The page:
Taking On The Staggering Decline Of Youth Sports Programs

“It’s almost like a civil rights movement."

For many of today's star athletes, involvement in sports at a young age provided refuge from problems at home, or opened doors to a college education that would not otherwise have been possible.

But a group of athletes warned last week that many kids in America may not have the same opportunity as schools continue to suspend sports programs at an alarming rate.

“It’s almost like a civil rights movement,” Jets wide receiver Brandon Marshall told The Huffington Post, following the Dick's Sporting Goods Sports Matter panel at NASDAQ MarketSite in New York City last Tuesday. "Millions of kids are going to be stripped away of their only opportunity of having a healthy, effective life.”

DICK's Sports Goods

ESPN analyst and former NFL coach Jay Gruden, USWNT midfielder Carli Lloyd, No. 1 NBA draft pick Karl Anthony Towns, actor Michael B. Jordan, author and writer Buzz Bissinger and Up2Us Sports founder Paul Caccamo also urged the importance of school sports programs at the event.

The latest powerful ad from the sporting goods company was posted to Dick's social channels on Tuesday. It highlights just how crucial lacrosse has been for a group of students in Harlem.

According to Up2Us Sports, $3.5 billion was cut from school sports budgets from 2009 to 2011, and, by 2020, an estimated 27 percent of U.S. public high schools will no longer have any sport teams or programs of any kind. It's a staggering rate, and unfortunately as Marshall said, will adversely affect children in low income neighborhoods.

"There’s things that we learn on the field, on the court, in the locker room -- that we can’t learn in the classroom," the NFL player told HuffPost.

To curtail the decline of school sports program, Dick's Sporting Goods also announced at the event that it is continuing it's second year of its Sports Matter initiative, which launched in 2014 and aims to provide funding to at-risk youth sports programs through a $25 million, multi-year commitment. Last week, Dick's said that through its foundation, it will be partnering with DonorsChoose.org to increase support for such programs, matching up to $1.5 million, once each team reaches 50 percent of its funding goals.

"If they don't have sports, they don't have a chance," Marshall said on the panel.

Echoing the football player, Caccamo said for some kids "it's a lifeline."

No example is clearer perhaps than that of Harlem Lacrosse and Leadership. A recipient of funding from Sports Matter last year, it is also the focus of two additional ads that premiered and began airing on ESPN last week, including one that tells the story of Tyler, who lost both his parents, but has HLL to help him both in school and on the field.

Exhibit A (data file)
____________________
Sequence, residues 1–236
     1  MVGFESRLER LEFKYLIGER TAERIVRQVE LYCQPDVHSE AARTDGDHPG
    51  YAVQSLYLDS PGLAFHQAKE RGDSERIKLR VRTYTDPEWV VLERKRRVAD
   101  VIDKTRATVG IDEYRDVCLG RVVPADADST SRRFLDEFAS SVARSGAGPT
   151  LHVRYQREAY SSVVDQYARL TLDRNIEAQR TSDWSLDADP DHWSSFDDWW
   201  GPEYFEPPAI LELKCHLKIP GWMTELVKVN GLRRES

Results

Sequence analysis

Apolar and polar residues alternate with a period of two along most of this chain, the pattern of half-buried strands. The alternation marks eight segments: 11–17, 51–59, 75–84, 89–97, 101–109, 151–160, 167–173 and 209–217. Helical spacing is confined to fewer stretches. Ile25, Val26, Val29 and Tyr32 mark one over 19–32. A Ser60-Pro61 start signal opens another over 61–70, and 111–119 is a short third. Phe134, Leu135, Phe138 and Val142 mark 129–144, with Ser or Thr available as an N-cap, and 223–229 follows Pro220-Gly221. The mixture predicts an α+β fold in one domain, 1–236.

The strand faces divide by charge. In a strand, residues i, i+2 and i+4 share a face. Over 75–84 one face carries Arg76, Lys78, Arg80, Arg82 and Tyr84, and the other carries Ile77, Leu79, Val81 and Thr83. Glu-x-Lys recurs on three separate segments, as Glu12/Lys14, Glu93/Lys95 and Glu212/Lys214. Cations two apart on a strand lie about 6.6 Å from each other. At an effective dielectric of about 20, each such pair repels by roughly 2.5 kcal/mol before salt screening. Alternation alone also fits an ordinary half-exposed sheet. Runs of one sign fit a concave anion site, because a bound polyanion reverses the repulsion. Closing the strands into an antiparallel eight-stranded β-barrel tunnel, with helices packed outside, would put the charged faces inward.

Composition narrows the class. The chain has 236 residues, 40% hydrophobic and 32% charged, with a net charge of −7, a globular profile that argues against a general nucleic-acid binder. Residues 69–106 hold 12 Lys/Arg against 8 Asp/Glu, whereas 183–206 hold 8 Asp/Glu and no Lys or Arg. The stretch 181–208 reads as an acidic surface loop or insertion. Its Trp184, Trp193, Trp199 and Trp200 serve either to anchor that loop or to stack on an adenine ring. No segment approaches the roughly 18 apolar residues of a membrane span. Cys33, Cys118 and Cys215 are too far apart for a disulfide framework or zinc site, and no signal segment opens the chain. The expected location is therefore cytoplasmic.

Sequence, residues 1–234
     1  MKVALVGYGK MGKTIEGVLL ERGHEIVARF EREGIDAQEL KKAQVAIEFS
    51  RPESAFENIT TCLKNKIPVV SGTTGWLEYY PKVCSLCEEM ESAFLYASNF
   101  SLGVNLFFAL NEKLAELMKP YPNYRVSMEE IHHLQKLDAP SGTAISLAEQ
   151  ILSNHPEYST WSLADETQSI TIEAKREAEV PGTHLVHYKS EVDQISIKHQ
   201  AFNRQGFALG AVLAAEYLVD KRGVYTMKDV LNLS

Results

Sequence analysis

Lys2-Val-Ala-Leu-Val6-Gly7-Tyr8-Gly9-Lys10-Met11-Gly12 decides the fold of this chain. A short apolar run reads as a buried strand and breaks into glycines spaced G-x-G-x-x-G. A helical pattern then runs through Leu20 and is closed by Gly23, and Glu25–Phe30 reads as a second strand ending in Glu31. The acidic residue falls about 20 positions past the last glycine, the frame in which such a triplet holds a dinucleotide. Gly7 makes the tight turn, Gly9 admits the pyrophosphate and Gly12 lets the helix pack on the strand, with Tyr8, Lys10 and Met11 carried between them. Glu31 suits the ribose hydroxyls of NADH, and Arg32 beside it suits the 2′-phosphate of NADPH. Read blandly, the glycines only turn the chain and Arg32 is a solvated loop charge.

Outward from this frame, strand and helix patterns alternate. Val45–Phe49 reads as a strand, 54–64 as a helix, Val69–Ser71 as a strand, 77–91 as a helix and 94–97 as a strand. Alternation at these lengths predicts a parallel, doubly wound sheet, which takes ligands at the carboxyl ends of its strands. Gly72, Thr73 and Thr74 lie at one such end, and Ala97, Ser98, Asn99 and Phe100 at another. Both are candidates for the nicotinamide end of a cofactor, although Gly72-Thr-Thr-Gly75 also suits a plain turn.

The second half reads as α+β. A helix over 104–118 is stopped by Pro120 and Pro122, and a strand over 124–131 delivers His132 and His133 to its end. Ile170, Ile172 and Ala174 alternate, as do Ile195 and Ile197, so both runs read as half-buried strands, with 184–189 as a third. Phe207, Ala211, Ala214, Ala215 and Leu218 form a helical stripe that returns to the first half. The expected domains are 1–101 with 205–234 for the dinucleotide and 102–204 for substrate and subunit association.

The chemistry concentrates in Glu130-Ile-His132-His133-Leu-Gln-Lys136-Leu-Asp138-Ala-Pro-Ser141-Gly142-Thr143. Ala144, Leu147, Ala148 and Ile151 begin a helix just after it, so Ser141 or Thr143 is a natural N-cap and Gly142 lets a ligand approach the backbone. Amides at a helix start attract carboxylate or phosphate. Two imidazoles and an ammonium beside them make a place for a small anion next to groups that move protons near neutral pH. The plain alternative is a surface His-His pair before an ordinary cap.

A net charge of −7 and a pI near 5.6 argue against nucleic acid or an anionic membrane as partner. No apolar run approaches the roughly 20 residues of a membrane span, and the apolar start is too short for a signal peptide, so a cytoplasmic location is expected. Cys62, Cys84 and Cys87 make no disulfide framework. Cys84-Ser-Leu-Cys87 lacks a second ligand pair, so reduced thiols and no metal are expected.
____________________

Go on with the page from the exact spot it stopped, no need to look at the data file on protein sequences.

Caccamo warned that taking away sports programs is not just "saying goodbye to an athlete," but to a student as well, and instead, "saying hello to a dropout."

He and Up2Us Sports, along with Dick's are hoping that by promoting programs such as HLL, more kids in need will have sports in their lives.

Per figures provided, the U.S. Department of Education found that student athletes are four times as more likely to attend college and are 50 percent less absent in school than their peers who do not play a sport.

"It isn't a sport program, it's an intervention program," Towns said, adding that playing basketball after school kept him out of making possibly poorer choices or getting into trouble around town.

Harlem Lacrosse and Leadership, which is currently in five schools -- four in New York City and one in Baltimore -- has been a focus of Bissinger, who wrote that it is already having an impact on the lives of its players through both the game of lacrosse and its mandatory study halls.

He writes:

Nearly forty boys and girls in the Harlem Lacrosse and Leadership program have gone onto boarding schools or will attend this fall, earning an aggregate of $9.1 million in scholarships. Three graduating high school seniors who went through the program have gotten free rides to Colby College and Bates College and Dickinson College. Another is entering his sophomore year at Haverford College.

The players as well know that without lacrosse, life in Harlem's housing projects wouldn't be much different than the generations before, who get caught up in crime, violence or teen pregnancy.

"Most kids around here, I'm seeing them pregnant, smoking, having guns in their hands," says Jordany in a video posted Tuesday by Dick's Sporting Goods. "It makes you think how lucky I am to have Harlem Lacrosse save me ... I want to go to college for lacrosse, I want to play for an Ivy League school."

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